pation, the chief'bard reclined upon the same bed with the chief The proper griis was perhaps equivalent to minever, (menu tain These are circumstances peculiar to Celtic manners. Alvair.) an inferior kind of vair, made from the skins of the small though the Gothic minstrels were highly rewarded and honoured, weazel and marten.

they were not placed by their lords upon so familiar a footing. Furs were a valuable article of trade, and, as such, were parti. Glasgerion, whose story is preserved in Percy's Reliques of Am cularly noticed in maritime regulations. "Nullus mercator non cien! Poetry, was a Celtic bard, as appears from his high birth, debet dare tidem, ad exitum portæ, de rebus quas portat vel mer: and fatal intimacy with the daughter of a prince, as well as from cat, nisi de fourura et armatura ferri." Cart. apud DUCANGE. the epithet of Chaucer, who terms him " the British Glaskeron." Hence Tristrem, in his assumed character of a merchant, de- A copy of his legend has been preserved in the remote parts of scribes himself as robbed of "fowe and griss." In the romance Scotland, by oral recitation. His musical powers are curiously of Sir Gy, a merchant thus narrates his bill of lading :

described : "fowe and gries apough laile we,

" Gleskerion was the best harper
Gold and silver and rche stones,

Harped ever on the string.
That verta bere mani for the nones;
Gule clothes of Sikelatown and Alexandriis,

He could harp the fish out o' the sea,
Velour of Matre, and puper and biis."

The water out o' the stane,
In another passage of the same romance, we find

And milk out o' the maiden's breast, "Giy him schrniin fou and gray."

That bairn hul bever banc." + The croud (Welsh crioth) was a rude kind of violin: hence The accomplishments displayed by Sir Triatrem, while in Dub Butler's Crowlero, as the name of a fiddler. Tables was a fa lin, were those of a complete minstrel, who, besides the science vourite game during the middle ages. Two games of this nature of music, was generally master of every game known in the midare mentioned by Wace, the greater and the less.-Ellis's Spe dle ages, and of all other amusements which could chase away cimens, p. 39. The same amusement occurs in an old romance

the lingering hours of a martial nobility, delichting only in war quoted by Cervantes :

and the chase. Juegling, and feats of legerdemain, were often "Jugando esta a las tablas Don Gayferos,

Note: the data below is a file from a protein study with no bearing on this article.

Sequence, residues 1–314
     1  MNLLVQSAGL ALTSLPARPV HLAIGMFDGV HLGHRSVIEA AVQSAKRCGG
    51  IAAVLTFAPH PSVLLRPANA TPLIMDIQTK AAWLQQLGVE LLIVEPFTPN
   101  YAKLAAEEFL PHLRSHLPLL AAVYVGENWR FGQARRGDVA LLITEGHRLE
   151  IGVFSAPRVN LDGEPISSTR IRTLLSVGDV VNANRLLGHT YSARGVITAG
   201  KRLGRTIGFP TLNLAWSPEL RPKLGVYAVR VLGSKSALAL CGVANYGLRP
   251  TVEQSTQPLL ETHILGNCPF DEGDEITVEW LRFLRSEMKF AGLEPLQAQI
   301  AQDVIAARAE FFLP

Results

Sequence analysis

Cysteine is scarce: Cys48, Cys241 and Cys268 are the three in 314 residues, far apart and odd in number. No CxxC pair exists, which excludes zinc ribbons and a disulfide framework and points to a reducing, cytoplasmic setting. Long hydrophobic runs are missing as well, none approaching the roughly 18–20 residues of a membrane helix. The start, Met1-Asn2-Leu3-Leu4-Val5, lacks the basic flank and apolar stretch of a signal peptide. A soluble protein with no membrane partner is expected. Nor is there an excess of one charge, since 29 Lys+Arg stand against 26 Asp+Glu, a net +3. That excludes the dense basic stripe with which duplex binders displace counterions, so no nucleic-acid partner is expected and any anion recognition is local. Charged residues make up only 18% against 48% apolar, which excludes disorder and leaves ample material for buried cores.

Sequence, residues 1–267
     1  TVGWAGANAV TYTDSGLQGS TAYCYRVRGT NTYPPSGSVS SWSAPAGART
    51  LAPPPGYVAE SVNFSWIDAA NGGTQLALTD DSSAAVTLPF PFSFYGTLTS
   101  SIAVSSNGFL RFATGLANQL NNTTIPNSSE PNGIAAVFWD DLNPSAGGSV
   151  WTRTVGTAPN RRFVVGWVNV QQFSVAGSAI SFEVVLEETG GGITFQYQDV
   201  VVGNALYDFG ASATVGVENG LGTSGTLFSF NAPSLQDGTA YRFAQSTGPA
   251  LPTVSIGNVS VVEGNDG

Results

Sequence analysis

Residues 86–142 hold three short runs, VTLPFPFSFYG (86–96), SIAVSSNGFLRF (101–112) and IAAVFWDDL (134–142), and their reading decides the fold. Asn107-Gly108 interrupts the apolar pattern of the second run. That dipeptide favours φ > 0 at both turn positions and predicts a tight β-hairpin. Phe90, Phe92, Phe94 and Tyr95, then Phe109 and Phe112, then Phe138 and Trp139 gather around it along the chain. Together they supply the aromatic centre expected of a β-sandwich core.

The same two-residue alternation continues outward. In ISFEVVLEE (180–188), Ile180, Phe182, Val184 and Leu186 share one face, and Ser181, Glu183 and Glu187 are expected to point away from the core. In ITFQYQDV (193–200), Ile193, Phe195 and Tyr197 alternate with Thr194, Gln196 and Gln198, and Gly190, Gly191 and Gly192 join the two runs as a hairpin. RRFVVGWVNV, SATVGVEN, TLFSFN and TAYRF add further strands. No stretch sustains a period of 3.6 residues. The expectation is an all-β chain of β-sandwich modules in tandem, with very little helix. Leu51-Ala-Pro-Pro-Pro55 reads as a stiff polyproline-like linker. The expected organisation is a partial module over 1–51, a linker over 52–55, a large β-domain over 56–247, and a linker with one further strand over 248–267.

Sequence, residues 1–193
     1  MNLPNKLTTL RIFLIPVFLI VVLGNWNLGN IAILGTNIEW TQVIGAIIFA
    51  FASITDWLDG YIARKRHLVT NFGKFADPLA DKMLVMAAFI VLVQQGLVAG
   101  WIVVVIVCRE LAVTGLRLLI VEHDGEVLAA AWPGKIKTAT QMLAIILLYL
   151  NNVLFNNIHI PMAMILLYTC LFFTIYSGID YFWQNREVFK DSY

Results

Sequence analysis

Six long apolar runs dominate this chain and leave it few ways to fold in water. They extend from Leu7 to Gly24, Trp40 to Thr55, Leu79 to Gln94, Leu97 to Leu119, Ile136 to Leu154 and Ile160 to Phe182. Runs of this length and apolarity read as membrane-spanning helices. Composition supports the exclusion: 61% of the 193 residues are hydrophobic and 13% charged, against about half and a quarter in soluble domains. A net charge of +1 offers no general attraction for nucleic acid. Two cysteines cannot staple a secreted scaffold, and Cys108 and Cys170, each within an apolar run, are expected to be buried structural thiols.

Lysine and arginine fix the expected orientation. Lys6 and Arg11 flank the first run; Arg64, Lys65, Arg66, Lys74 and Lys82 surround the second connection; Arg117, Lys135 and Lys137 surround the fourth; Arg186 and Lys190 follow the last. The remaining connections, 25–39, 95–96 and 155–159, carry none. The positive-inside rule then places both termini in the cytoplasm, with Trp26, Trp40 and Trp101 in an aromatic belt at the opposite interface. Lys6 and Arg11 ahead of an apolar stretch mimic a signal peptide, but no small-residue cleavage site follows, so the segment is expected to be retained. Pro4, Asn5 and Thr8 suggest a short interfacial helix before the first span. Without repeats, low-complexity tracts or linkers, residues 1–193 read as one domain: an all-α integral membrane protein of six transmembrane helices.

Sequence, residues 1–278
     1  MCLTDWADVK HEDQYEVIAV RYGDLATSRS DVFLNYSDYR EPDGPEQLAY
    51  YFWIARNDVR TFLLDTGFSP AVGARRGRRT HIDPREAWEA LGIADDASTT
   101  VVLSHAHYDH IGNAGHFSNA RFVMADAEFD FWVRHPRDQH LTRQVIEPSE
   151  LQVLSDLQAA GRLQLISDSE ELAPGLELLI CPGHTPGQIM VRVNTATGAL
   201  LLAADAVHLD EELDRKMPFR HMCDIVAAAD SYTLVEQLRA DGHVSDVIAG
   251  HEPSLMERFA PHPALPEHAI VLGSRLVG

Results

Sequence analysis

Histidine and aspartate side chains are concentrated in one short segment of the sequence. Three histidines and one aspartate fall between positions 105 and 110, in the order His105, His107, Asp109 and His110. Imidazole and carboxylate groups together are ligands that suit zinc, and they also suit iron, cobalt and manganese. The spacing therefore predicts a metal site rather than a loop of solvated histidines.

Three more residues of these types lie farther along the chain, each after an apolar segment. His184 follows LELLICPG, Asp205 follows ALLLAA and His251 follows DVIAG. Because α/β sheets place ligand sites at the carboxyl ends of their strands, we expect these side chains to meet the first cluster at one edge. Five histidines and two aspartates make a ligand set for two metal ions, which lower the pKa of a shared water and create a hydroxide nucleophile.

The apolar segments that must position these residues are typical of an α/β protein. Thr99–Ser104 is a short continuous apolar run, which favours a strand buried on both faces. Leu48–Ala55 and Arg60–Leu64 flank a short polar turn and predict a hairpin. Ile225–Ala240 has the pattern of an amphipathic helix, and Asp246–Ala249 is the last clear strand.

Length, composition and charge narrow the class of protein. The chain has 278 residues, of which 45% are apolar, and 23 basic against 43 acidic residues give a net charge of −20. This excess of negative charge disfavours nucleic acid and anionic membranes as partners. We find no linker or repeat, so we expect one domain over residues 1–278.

added to these qualifications. Que ya de Melisandra esta obliviuló."

Indeed, it is hardly necessary to remark the prominent figure It was, perhaps, analogous to back ammon, which is of Celtic which is made by the harper and minetrel, in this and in all other derivation, as appears from its name : Back, parvun, and Cam- romances. It was their privilege to find a free admittance to the mon, prælium. This game is mentioned in an old Irish roem, courts of monarchs, and the castles of barons. In the fine old now called the Death of Cuchollin, where it is said, "the hours passed mance of Gierin de Montglaire, G rard, Lord of Vienne, being • From a passage of Brompton we learn, that the skin of the wild-cat was

desirous to prove the spirit of his nephew Aimeri, commands the usel ly the clergy Diabop Volkan proferre lanskin, saying in excur,

porter, when the young man presents himself b fore the gates, to Cerile mihi, nunquam suivi, in ecclean, cantari cabus Dei, seul agnus Dei; relise him admittance, under pretence of mistaking him for a Kiwchicieri anno Volo." Derem. Scrip. p. 873

wandering min trel. Aimeri breaks into a violent rage, forces 1 The badger i tenned a groy; bat his skin senna greatly too coarse to an his entry into the great hall, and upbraids his uncle for his ser the purpose of trimining

churlish and inhospitable mode of housekeeping. “Yous ne val.


Saun fail;
The King had a douhter dere,

He bitaught hem God, and gode day,
That maiden Y sonde highi;

With him went Gouernail.
That gle was lef to here,
And romance to rede aright ;*

Sir Tramtris hir gan lere,

Riche sail thai drewe,
Tho with al his might,

White and red so blod it
What alle pointes were,

A winde to wil hem blewe,
To se the sothe in sight,

To Carlioun thai yode;
To say :

Now hat he Tristrem trewe,
In Yrlond nas no knight,

And fareth ouer the flod;
With Y sonde durst play.

The schip the cuntre knewe,

It thought hem ful gode,

As thare;
Ysonde of heighe priis,

Of urake thai vnder stode,
The maiden bright of hewe,

For on thai leten him sare.
That wered fow and griis,
And scarlet that was newe,

In warld was non so wiis,

Thai tolden to the king,
Of craft, that men knewe,

That the schip had sain;
With outen Sir Tramtris,

Neuer of no tiding
That al games of grewe

Nas Mark the King so fain :
On grounde.

To toun thai gun him bring,
Hom longeth Tramtris the trewe,

The King ros him ogayn;
For heled was his wounde.

Blithe was her meteing,

And fair he gan him frain,
Sir Trumtris in Irlond

That stounde;
Duelled al a yere;

"Tristrem, nought to lain, So gode likeing he fand,

Heled is thi wounde ?"-
That hole he was and fere;

The Quen to fot and hand,

His em answer he yeld,
He serucd dern and dere;

That litel he wald wene,
Y sonde he dede vnderstand

Of bot sche was him beld,
What alle playes were

That Moraunt soster had bene;
In lay;

Hou fair sche hath him held,